Reading list

10 books that chronicle the black American experience

With the advent of the Black Lives Matter movement and the end of the first black presidency of the United States, the modern Civil Rights Movement has never been more visible or more active. This list looks at the story of American civil rights, from chronicles of cruelty under slavery to the heroes of the 1950s and 1960s, all the way up to where race relations stand in America today.

 

A Gift of Love

Martin Luther King, Jr.

As the spring of 1963 approached, bringing with it the fire hoses of Alabama, Dr Martin Luther King Jr was preparing the final sermons that appear in this collection. This is an inspiring manifesto for the power of peace and love as agents of political and social change, and a record of the oratory power of one of the twentieth century's great speakers and leaders.

 

Citizen: An American Lyric

Claudia Rankine

You may have seen a protester pointedly reading this award-winning volume at a Donald Trump rally during the 2016 election... Claudia Rankine employs her exceptional talents for character in this astonishing meditation on the perils of living in a black body, combining prose, verse and photography to form a cacophonous portrait of contemporary black America.

 

Don't Let Me Be Lonely

Claudia Rankine

Written during George W. Bush's presidency in an America still reeling from the 9/11 attacks and charging headlong into war in Iraq, this is an early 21st-century work of great wit, intelligence and depth of feeling, with urgent lessons for the present. An earlier example of the 'American Lyric' style, combining essay, verse and photography, that makes Citizen such a captivating read.

 

They Can't Kill Us All

Wesley Lowery

Reporting from the front lines in heavily policed towns and cities across America, Wesley Lowery captures this crucial tipping point in the story of black America. They Can't Kill Us All is more than a litany of the violence that sparked the Black Lives Matter movement. Alongside the names of Michael Brown, Trayvon Martin and Eric Garner, this book also looks at the structural inequalities that hamstring the march to equality and gives us an insight into the grassroots efforts to roll back centuries of injustice.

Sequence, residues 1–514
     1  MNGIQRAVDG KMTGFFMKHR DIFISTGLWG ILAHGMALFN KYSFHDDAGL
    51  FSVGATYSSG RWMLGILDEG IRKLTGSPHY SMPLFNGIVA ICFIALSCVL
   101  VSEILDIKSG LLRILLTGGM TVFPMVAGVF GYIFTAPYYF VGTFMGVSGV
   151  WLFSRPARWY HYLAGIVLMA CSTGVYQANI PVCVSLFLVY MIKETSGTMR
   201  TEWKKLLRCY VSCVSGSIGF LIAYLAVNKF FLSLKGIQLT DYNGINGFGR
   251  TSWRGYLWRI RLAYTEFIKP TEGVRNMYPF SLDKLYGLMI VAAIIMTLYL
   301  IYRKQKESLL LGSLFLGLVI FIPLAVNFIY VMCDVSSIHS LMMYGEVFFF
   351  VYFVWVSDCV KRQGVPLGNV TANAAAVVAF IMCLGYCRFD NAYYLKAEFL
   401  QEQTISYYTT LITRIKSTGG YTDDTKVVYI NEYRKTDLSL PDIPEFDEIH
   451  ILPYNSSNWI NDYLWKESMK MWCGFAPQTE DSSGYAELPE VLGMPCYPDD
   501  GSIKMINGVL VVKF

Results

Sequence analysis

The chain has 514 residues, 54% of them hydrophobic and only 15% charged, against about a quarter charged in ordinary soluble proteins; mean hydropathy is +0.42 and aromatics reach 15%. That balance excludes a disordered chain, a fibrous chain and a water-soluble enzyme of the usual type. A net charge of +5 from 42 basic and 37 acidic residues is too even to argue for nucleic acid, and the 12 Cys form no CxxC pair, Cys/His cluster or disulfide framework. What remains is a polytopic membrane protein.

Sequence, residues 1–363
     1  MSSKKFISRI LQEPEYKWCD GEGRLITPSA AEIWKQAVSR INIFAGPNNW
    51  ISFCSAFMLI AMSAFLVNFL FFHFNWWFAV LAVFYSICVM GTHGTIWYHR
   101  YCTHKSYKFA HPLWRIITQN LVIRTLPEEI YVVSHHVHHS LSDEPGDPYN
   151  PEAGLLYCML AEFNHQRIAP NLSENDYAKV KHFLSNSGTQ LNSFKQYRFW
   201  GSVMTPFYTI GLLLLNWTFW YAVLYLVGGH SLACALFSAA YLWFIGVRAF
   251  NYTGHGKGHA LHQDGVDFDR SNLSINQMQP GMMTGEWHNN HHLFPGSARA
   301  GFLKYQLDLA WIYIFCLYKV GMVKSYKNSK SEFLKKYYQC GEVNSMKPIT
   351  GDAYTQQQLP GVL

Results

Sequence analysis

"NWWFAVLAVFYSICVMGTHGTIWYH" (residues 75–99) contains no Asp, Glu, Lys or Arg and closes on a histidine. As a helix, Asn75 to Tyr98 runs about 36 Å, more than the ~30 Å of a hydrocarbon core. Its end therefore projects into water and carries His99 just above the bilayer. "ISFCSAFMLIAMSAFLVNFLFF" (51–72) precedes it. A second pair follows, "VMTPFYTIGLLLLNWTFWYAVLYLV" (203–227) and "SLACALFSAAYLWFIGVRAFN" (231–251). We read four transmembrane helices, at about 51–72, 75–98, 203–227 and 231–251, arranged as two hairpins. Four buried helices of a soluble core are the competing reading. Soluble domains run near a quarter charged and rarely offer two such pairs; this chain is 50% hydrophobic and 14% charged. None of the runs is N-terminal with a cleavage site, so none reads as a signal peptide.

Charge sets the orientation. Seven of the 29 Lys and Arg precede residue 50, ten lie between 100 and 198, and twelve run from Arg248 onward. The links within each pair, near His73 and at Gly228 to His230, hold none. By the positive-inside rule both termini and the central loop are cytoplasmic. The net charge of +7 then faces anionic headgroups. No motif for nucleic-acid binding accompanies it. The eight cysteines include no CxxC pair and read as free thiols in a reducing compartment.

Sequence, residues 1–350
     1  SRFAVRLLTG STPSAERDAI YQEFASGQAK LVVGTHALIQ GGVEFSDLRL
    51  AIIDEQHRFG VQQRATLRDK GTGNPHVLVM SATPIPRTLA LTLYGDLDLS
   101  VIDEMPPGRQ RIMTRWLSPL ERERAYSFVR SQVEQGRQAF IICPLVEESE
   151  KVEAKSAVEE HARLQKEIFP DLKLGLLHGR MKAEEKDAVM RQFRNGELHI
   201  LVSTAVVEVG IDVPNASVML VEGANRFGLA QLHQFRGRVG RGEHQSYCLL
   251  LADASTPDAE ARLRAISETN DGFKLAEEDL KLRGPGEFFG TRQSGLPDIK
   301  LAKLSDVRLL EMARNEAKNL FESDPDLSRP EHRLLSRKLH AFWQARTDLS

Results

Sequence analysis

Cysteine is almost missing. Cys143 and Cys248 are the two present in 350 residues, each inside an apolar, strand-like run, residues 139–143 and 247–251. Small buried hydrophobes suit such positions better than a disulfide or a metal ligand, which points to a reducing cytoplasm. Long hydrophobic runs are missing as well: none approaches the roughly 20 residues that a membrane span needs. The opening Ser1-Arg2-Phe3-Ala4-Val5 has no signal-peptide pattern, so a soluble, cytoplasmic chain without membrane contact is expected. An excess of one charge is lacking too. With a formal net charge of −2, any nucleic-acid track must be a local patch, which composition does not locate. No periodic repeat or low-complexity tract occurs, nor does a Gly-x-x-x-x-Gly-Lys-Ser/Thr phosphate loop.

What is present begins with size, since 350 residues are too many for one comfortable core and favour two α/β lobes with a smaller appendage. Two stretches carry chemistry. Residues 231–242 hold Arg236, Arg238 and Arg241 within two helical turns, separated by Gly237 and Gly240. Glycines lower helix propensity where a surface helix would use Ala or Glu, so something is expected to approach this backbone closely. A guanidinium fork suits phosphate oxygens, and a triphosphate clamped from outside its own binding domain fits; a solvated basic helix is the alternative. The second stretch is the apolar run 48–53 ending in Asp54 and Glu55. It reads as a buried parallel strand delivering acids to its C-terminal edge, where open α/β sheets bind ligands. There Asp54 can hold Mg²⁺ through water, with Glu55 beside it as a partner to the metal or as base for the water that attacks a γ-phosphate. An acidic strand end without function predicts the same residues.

Homegoing

Yaa Gyasi

This captivating novel reaches back through three centuries as we follow the descendants of two separated sisters in Ghana, one sold into slavery, one a slave trader's wife. So much more than a simple historical epic, Homegoing examines the way in which trauma trickles down through generations, playing with ideas of fate, redemption and original sin on the way.

 

The Autobiography of Malcolm X

Malcolm X

One of the most controversial figures in American history, Malcolm X's conversion to the Nation of Islam marked his political awakening and was the start of his journey to becoming an indefatigable warrior for equal rights for his black brothers and sisters. This autobiography, completed shortly before his death, is an essential chronicle of the Civil Rights Movement.

 

Go Tell It on the Mountain

James Baldwin

Go Tell it on the Mountain was James Baldwin's first major work, based in part on his own childhood in Harlem. With lyrical precision, psychological directness, resonating symbolic power and a rage that is at once unrelenting and compassionate, Baldwin chronicles a fourteen-year-old boy's discovery of the terms of his identity as the stepson of the minister of a Pentecostal storefront church in Harlem. Baldwin's rendering of his protagonist's spiritual, sexual and moral struggle towards self-invention opened new possibilities in the American language and in the way Americans understood themselves.

 

Song of Solomon

Toni Morrison

Song of Solomon begins in 1930s America with Macon Dead Jr, the son of a wealthy black property owner, who has been brought up to revere the white world. Macon learns about the tyranny of white society from his friend Guitar, though he is more concerned with escaping the familial tyranny of his own father. So while Guitar joins a terrorist group of poor blacks, Macon goes home to the South, lured by tales of buried family treasure. But his odyssey back home and a deadly confrontation with Guitar leads to the discovery of something infinitely more valuable than gold: his past and the origins of his true self.

 

Narrative of the Life of Frederick Douglass, An American Slave

Frederick Douglass

Frederick Douglass was born into slavery in Maryland in 1818. After his escape in 1838 he became an ardent abolitionist, and his autobiography was an instant bestseller upon publication in 1845. In it he describes with harrowing honesty his life as a slave – the cruelty he suffered at the hands of plantation owners; his struggles to educate himself in a world where slaves are deliberately kept ignorant; and ultimately, his fight for his right to freedom. A passionately written, intelligent and highly emotive indictment of slavery, his principle preoccupation was that slavery could be eradicated only through education. This text was key in helping to secure its eventual abolition.

 

Colour Bar

Susan Williams

London, 1947. He was the heir to an African kingdom. She was a white English insurance clerk. When they met and fell in love, it would change the world. This is the inspiring true story of Seretse Khama and Ruth Williams, whose marriage sent shockwaves through the establishment, defied an empire - and, finally, triumphed over the prejudices of their age.

The true story of a love which defied family, Apartheid, and empire - the inspiration for the major new feature film A United Kingdom, starring David Oyelowo and Rosamund Pike.